Prof. Kumar working with his Ph.D. student, Roger Hammons, Jr., discovered that certain well-known nonlinear binary error-correction codes could be viewed as linear codes over a 4-ary signal alphabet. Kumar and Hammons published this result in 1994 in a joint paper with researchers at AT&T Bell Laboratories and the Centre National Recherche Scientifique in France who were obtaining similar results. The paper received the IEEE Transactions on Information Theory Prize Paper Award. The work generated considerable interest and became the catalyst for many research efforts in the field. Part of the interest was due to long-standing questions in the field that the research answered in an elegant manner. Specifically, it was well-known that the non-linear binary Kerdock and Preparata codes satisfied some code-duality relations only guaranteed for linear codes. By showing that these nonlinear binary codes can be viewed as projections of a linear Z4 code, these properties were logically explained.

The architectural design of the Ku-band Space Shuttle Radar was developed by Prof. Charles Weber for the NASA Manned Space Center. The short range and docking radar was designed to track its targets to a range as short as 30 meters, where station-keeping and rendezvous take place, as well as up to distances of 300 N. Mi. Target parameters measured by the radar during the tracking phase include: range and range rate, and angle and angle rate (elevation and azimuth). The system is a coherent pulse Doppler type radar with a peak power of 60 watts. The radar has enjoyed an excellent performance record throughout the Shuttle Program.

The Viterbi Algorithm is known to provide optimal data decisions for modulation, coding, and propagation channels that are modeled as finite state machines (FSMs). In many modern communications systems, however, the parameters that define transition probabilities are unknown or time varying. Per-Survivor Processing (PSP) was a term coined by Andreas Polydoros while a he was a professor at CSI in 1990. Prof. Polydoros and Visiting Prof. Riccardo Raheli, from U. of Pisa, Italy, developed PSP as a general tool for enabling a Viterbi-like algorithm to acquire or track changing channel conditions. Prof. Keith Chugg performed some of the basic analysis and theoretical justification of PSP and later, along with then CSI-Ph.D. student, Achilleas Anastasopoulos, generalized the notion to adaptive soft-in/soft-out decoding and data detection algorithms. This related advance enabled adaptive iterative detection (AID) and decoding algorithms that effectively estimate and track unknown or time-varying channel parameters such as carrier phase dynamics in turbo-like codes. PSP and AID have been implemented in a number of modems designed for mobile and satellite communication systems.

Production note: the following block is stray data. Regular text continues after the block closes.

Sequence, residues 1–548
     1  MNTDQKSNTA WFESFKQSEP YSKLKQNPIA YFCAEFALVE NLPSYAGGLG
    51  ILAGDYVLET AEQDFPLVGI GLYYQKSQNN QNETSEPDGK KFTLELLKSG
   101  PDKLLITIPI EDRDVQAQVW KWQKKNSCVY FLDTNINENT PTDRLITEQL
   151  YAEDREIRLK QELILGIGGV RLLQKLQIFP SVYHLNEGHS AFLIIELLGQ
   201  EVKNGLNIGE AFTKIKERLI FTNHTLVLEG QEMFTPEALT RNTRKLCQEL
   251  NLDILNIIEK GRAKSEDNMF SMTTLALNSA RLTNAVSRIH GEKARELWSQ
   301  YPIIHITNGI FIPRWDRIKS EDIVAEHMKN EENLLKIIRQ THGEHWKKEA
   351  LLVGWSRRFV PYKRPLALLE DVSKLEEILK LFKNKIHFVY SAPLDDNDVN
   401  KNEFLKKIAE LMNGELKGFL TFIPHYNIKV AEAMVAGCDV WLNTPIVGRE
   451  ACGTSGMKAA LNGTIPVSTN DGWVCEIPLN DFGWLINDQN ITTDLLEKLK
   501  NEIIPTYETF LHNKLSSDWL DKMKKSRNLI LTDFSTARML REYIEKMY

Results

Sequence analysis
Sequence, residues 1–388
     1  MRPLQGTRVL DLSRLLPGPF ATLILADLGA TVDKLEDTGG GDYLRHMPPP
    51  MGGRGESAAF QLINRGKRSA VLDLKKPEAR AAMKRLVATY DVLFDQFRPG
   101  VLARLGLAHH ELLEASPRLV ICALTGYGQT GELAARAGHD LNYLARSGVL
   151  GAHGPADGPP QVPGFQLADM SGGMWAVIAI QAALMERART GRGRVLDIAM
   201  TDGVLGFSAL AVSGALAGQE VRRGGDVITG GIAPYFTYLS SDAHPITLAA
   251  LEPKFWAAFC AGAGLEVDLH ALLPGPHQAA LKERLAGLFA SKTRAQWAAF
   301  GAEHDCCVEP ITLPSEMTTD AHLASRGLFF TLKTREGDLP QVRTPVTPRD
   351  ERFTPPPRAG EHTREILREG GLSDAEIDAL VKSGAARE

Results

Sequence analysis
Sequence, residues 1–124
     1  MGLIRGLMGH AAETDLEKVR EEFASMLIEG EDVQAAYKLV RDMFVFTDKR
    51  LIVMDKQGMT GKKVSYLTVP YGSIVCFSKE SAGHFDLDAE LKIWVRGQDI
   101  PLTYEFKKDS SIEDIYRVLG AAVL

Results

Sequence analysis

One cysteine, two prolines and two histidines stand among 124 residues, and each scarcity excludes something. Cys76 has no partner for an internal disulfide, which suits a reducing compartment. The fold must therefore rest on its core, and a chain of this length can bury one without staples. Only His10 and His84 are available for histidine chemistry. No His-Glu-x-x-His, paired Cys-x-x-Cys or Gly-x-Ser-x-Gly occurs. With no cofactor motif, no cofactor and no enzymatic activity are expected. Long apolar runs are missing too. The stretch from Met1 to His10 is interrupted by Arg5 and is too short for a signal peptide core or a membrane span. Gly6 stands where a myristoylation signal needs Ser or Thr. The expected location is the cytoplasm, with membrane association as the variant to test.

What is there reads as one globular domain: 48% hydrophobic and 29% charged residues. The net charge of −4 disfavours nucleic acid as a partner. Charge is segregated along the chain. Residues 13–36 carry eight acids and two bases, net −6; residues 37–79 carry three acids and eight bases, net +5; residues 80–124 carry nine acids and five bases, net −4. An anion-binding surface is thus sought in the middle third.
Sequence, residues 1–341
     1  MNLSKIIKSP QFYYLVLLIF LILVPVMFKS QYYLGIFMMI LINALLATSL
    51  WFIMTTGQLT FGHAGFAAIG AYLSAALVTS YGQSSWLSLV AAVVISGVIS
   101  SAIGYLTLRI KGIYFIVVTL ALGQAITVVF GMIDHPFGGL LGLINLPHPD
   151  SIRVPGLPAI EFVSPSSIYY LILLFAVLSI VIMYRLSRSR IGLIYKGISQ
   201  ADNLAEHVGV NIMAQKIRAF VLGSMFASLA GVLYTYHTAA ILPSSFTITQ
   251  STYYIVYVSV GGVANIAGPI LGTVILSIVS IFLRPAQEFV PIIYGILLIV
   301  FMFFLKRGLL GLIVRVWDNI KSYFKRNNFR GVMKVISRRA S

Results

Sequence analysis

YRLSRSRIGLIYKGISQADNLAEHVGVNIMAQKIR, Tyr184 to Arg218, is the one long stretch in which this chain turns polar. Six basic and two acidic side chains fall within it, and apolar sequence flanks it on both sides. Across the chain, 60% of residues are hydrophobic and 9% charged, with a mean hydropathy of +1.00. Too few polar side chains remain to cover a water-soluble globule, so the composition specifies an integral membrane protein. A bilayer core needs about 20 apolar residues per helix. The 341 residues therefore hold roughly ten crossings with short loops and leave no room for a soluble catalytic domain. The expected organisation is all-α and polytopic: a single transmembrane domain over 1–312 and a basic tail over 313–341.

Accurate synchronization plays a cardinal role in the efficient utilization of any spread-spectrum system. Typically, the process of synchronization between the spreading (incoming) pseudonoise code and the local dispreading (receiver) code is performed in two steps: first, code acquisition, then tracking via one of the available code-tracking loops. Professors Andreas Polydoros (CSi alumnus and former CSI faculty, now with the University of Athens, Greece) and Charles Weber developed a unified approach to serial search spread-spectrum code acquisition, which consolidated several earlier efforts into one general theory. The theory is formulated in a general manner that allows for significant freedom in the receiver modeling. The method has been widely used and adopted by most textbooks in the field. Various spread spectrum syschronization systems are special cases of this unified approach.

Constructing orthogonal functions on a finite interval of the real line is a well-known technique in electrical engineering. If the real coordinate is time, these functions have to be synchronous (occupy the same time interval) to demonstrate orthogonality when used as inputs on the arms of a correlator. Functions that are not synchronous and retain nearly orthogonal properties are the modulation building blocks for spread-spectrum multiple-access systems. Prof. Lloyd Welch in his classic paper "Lower Bounds on the Maximum Correlation of Signals" produced a lower bound on asynchronous correlation that is only a function of the dimension of the signal space and the number of signals desired in the signal set. The bound often is nearly achievable by good signal-set design, and has become "The Welch Bound" standard by which spread-spectrum signal-set designs are judged. For more on this, see his original paper in the IEEE Trans. On Information Theory, pp. 397-399, May 1974. For more on the Welch bound and its use in spread spectrum signal design, see Prof. Scholtz's Chapter 5 in The Spread Spectrum Communications Handbook by M. K. Simon et al.